Gross Floor Area (GFA)

Gross Floor Area (GFA)


Gross Floor Area (GFA) is a pivotal metric in the realm of real estate, representing the total floor space within a building. This includes all covered areas of a building, encompassing spaces occupied by walls and columns. However, it typically excludes areas designated for parking, refuse storage, and certain voids. In Singapore, the Urban Redevelopment Authority (URA) provides specific guidelines on calculating GFA, which plays a crucial role in development control and planning.

Calculation of GFA:

Calculating GFA involves measuring the interior length and width of a building’s walls, multiplying these dimensions to obtain the square footage, and then adjusting for the number of floors within the building. The process includes:

  • Measuring the inside dimensions of the building’s walls.
  • Multiplying length by width to find the square footage.
  • Multiplying the square footage by the number of floors.
  • Subtracting the square footage of exempt areas like elevator shafts and equipment rooms.

In Singapore, the calculation encompasses all covered floor spaces and certain uncovered areas used for commercial purposes, with specific exclusions as defined by the URA.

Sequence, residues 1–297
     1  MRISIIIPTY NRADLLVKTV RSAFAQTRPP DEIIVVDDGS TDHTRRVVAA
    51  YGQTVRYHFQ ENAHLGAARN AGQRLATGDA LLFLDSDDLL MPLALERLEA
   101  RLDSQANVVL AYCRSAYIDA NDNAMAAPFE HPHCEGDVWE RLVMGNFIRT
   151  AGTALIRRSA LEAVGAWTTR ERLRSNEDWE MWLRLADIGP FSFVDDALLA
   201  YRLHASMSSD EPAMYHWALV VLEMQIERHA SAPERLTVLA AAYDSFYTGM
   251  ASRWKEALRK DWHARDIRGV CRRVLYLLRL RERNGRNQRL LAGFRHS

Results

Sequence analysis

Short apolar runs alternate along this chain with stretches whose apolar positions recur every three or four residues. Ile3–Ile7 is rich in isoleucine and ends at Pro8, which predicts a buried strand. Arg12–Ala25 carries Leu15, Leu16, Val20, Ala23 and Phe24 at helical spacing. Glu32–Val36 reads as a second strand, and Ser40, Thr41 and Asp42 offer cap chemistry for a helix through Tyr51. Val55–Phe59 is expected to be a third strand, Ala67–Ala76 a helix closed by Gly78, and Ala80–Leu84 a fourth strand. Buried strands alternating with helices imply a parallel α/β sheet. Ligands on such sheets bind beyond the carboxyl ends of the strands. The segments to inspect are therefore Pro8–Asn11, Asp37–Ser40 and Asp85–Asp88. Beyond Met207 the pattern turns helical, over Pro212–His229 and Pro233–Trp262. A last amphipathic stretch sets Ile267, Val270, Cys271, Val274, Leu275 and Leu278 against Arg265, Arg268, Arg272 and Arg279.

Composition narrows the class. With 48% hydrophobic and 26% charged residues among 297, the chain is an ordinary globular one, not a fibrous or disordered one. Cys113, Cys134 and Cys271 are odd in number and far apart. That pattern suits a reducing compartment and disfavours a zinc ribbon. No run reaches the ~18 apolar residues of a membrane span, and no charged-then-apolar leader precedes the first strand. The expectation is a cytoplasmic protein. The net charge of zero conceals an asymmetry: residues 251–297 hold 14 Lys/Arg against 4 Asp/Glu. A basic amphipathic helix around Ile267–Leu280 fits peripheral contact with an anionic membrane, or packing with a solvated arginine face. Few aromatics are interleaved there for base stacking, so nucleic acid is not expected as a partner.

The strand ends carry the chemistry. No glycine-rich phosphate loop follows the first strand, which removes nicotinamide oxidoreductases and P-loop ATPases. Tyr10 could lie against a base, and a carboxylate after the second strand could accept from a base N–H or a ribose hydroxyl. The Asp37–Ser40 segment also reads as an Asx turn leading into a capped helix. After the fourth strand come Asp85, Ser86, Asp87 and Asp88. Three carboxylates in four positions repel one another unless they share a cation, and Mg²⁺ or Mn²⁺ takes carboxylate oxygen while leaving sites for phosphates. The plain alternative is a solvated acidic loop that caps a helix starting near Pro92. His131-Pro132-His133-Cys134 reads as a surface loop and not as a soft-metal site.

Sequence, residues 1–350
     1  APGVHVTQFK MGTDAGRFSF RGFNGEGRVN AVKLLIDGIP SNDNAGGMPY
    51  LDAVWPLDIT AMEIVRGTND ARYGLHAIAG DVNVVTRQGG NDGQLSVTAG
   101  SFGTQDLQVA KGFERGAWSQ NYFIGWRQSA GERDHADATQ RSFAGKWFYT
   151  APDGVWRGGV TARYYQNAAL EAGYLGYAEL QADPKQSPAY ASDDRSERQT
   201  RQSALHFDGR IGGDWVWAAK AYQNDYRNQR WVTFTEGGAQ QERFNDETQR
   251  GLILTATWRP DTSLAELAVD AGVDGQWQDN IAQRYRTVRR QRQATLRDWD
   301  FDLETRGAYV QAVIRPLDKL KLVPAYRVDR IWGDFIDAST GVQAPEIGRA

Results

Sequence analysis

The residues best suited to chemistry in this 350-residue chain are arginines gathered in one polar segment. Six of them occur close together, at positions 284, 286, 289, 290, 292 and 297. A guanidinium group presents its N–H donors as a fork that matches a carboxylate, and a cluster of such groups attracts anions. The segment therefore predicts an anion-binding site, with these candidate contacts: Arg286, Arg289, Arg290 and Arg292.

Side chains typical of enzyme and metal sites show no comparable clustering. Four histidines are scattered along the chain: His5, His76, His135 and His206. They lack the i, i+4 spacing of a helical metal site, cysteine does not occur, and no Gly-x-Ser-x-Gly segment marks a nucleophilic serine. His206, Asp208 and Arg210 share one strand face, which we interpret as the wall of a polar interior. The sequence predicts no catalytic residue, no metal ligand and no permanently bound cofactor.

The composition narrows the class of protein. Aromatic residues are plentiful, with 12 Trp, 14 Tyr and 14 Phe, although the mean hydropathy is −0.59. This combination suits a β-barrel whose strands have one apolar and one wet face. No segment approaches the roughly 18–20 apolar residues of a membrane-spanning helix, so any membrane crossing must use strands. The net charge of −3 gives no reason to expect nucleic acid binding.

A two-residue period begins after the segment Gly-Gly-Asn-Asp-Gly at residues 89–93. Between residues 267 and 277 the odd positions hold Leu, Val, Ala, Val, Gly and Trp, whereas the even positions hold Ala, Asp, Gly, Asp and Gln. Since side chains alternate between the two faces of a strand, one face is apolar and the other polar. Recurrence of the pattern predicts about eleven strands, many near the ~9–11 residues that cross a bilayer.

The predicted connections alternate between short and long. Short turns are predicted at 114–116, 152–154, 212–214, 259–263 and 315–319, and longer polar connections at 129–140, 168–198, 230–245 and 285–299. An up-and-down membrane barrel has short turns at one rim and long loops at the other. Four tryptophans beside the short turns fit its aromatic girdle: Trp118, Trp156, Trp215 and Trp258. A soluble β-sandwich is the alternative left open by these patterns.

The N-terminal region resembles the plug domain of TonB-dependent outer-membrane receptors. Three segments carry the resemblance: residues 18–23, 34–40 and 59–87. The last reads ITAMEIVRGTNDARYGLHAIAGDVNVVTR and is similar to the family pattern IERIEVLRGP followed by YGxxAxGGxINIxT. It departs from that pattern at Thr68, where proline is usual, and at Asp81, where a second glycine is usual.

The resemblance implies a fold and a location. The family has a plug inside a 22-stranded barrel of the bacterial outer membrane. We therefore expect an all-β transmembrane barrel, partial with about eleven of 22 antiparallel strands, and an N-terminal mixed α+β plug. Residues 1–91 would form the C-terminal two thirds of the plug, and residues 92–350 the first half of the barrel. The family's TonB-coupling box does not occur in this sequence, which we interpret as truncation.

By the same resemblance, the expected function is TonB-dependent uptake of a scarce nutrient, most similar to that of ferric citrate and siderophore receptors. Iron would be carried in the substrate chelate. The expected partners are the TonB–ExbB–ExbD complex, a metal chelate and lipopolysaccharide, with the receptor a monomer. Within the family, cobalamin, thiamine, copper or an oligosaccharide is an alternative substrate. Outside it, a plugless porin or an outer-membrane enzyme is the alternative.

Importance in Real Estate:

GFA is a critical factor in determining a property’s value, planning for development, and understanding the potential usage of a building. It influences:

  • Development Control: GFA is used to ensure developments comply with zoning and planning regulations.
  • Property Valuation: A building’s GFA can significantly impact its market value and investment potential.
  • Design and Layout: Architects and developers use GFA to plan the layout and design of buildings, optimizing space usage.

While GFA measures the total floor area within the building envelope, including external walls, GLA focuses on the area available for leasing, excluding common areas like corridors. Both metrics include spaces occupied by structural elements.

GFA Incentive Schemes:

Singapore’s URA offers incentive schemes allowing for a Bonus GFA over the Master Plan Gross Plot Ratio (GPR), subject to conditions. These schemes encourage specific types of development, such as green buildings or heritage conservation, by permitting additional floor area beyond the standard GPR limits.



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